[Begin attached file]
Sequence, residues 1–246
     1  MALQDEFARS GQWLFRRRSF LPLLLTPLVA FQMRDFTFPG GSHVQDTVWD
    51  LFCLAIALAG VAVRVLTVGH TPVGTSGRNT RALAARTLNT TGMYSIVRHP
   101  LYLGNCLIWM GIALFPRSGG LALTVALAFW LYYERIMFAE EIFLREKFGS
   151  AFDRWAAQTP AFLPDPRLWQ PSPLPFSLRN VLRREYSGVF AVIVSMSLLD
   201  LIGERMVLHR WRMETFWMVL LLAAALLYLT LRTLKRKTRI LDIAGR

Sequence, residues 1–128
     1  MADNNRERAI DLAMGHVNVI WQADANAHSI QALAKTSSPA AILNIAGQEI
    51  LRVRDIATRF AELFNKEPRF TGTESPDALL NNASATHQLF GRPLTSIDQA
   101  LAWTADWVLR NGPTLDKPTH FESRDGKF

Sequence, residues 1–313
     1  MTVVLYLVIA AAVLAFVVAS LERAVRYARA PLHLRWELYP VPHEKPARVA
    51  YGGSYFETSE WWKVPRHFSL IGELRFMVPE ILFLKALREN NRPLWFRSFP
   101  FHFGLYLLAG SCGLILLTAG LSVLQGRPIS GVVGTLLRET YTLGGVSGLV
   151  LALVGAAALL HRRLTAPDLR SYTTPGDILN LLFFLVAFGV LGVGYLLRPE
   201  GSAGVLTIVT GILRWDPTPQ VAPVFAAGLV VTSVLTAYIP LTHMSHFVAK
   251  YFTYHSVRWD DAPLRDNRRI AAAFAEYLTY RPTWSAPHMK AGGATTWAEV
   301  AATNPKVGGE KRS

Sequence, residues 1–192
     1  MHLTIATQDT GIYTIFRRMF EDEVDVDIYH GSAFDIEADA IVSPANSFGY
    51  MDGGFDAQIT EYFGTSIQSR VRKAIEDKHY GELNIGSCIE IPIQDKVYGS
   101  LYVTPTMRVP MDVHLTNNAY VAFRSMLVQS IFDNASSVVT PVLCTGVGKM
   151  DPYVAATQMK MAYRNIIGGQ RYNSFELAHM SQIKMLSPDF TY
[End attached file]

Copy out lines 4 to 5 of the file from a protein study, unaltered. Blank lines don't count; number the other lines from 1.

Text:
   101  LYLGNCLIWM GIALFPRSGG LALTVALAFW LYYERIMFAE EIFLREKFGS
   151  AFDRWAAQTP AFLPDPRLWQ PSPLPFSLRN VLRREYSGVF AVIVSMSLLD